Eighteen schools and at least 175 students and staff in Iowa stayed home from school this week due to COVID-19 infections.
As COVID-19 spikes across the state, in-person resumption of school for most Iowa districts began this week, resulting in over 48 infections and a vast number of exposed educators, students and athletes. Most school districts have promptly relayed information of positive cases to their communities, while a number of others have left families frustrated by growing virus rates and little communication from administrators.
Iowa on Thursday reported the largest single-day increase in COVID-19 cases since the pandemic took hold in March. In a 24-hour period the state counted 1,475 new positive cases and 18 additional deaths, bringing totals up to 59,368 positive cases, 45,362 recoveries and 1,079 deaths.
“I nagged our district to be transparent with the community about the cases at our schools. They finally made an announcement [Sunday], but I do believe there are more exposures and quarantines than what they announced,” said Diana Underwood Kroeger, the grandmother of a Keokuk School District student.
Underwood Kroeger said she felt “not good sitting in the elementary pickup line,” worried about her grandchild’s safety at school as the district failed to swiftly announce the positive cases, along with “the amount of parents out here at walk-up with no masks.”
Clear Creek Amana, Johnson County and Twin Cedars school districts have moved to 100% virtual learning this week, along with an Eddyville-Blakesburg-Fremont elementary school and a Norwalk elementary school.
Twenty two other school districts have students or teachers who tested positive for COVID-19 this week, triggering their quarantine and that of anyone deemed exposed to those individuals.
Indianola and Carlisle had large outbreaks among teachers, leaving their districts scrambling for substitutes to cover classrooms. Both districts said that if they were unable to find adequate coverage, teachers would step into an essential worker role. This means those teachers who were exposed to the virus would work in their classrooms so long as they are being screened and asymptomatic.
Here’s a roundup of the school districts impacted by COVID-19 closures or quarantines this week:
Completely Virtual Learning
Clear Creek Amana
In a message to students and staff on Thursday, the Clear Creek Amana Community School District canceled all in-person instruction and activities at the high school after a positive COVID-19 case was reported to school officials on late Wednesday night.
“Immediate action was taken to move the High School to virtual learning due to the extenuating circumstances surrounding the case,” the message said, noting potential contact tracing back to a gathering last weekend.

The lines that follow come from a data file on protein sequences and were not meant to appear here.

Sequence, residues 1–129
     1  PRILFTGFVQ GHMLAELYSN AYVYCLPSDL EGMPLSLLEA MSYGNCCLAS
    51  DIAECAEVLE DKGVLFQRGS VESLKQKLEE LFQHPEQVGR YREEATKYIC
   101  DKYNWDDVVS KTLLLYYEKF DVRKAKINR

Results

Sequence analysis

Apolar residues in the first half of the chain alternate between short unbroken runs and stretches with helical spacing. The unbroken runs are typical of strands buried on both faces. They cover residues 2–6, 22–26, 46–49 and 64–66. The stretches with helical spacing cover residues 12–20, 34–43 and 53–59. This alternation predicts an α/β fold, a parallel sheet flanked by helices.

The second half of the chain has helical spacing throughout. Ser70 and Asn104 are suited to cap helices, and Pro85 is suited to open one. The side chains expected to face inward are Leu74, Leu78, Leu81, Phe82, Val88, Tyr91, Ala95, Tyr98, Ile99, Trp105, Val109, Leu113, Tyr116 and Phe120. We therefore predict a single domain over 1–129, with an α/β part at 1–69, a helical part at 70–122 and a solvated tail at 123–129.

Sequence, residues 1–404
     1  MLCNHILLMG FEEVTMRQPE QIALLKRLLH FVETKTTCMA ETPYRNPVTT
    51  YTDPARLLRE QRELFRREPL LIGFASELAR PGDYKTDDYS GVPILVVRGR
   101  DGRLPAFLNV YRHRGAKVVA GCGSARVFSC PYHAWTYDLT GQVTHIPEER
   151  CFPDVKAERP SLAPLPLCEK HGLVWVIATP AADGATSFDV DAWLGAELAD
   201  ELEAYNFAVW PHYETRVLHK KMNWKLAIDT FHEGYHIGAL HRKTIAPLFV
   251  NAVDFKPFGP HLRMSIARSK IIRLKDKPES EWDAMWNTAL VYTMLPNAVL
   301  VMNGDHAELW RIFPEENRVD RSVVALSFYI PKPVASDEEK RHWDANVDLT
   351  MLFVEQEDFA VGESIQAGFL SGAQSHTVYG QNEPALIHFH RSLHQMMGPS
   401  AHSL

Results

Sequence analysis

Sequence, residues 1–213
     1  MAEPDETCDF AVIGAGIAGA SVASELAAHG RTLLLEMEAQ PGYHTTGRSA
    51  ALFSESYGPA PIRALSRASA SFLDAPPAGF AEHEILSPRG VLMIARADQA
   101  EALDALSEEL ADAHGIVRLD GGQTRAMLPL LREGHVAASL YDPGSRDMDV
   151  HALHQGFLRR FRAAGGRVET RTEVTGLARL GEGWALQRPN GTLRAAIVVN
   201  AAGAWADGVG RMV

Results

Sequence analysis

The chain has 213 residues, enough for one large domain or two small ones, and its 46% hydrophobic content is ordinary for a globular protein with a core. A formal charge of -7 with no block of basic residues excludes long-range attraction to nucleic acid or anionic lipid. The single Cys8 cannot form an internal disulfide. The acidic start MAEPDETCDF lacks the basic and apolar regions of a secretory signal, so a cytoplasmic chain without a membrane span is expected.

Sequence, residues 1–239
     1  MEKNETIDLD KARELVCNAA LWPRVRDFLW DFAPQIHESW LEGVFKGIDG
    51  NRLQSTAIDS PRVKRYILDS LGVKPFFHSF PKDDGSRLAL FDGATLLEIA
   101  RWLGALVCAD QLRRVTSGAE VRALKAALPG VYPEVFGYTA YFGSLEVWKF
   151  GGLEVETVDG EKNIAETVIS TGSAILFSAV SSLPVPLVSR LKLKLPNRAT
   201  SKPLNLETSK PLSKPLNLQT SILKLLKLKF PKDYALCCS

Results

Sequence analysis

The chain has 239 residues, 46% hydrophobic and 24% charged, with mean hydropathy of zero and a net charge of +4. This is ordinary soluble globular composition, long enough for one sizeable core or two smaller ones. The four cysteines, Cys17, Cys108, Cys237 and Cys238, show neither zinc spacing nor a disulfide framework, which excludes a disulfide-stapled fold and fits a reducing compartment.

“We are aware there was a large gathering Saturday night, which had many CCA students in attendance and potentially increased their risk of exposure.”
Eddyville-Blakesburg-Fremont Community School District Superintendent Scott Williamson announced Tuesday that the Fremont Elementary building will be closed Wednesday through Friday with the possibility of the closure being extended after a staff member tested positive for the virus and other staff members have exhibited symptoms.
“I will determine an opening date after consulting with the Department of Education and the Department of Health at the local level,” he said.
Additionally, Williamson mentioned three parents of students have tested positive for COVID-19, resulting in eight students placed in quarantine for 14 days.
EBF’s school year began on Monday, with students attending class at the junior high and high school building.
The Iowa City Community School District on Thursday was granted permission from the state to switch to a 100% off-site learning model due to the rapid increase in Johnson County’s coronavirus cases.
The school district’s board of directors will discuss next steps during a special board meeting 9 a.m. Saturday.
“At this time, no decision has been made to make a change to the start of our school year,” officials wrote in a Thursday release. “The options will be reviewed and discussed during the special Board Meeting before an official decision is made.”
Norwalk Closes an Elementary school
In an email to families, Norwalk Community School District provided updates on Thursday that one staff member at Oviatt Elementary school tested positive for COVID-19. The school is closed on Friday to allow for deep cleaning and contact tracing, with more information provided soon, according to the Superintendent.
Twin Cedars has also been granted a virtual learning waiver from the Iowa Department of Education. Following an outbreak of COVID-19, particularly among staff members, the district was closed Monday and Tuesday, using Wednesday to prepare for virtual instruction.
Online classes began Thursday with on-site learning scheduled to resume Sept. 8. The district will not participate in any athletics during virtual learning.
Districts Students, Educators Quarantined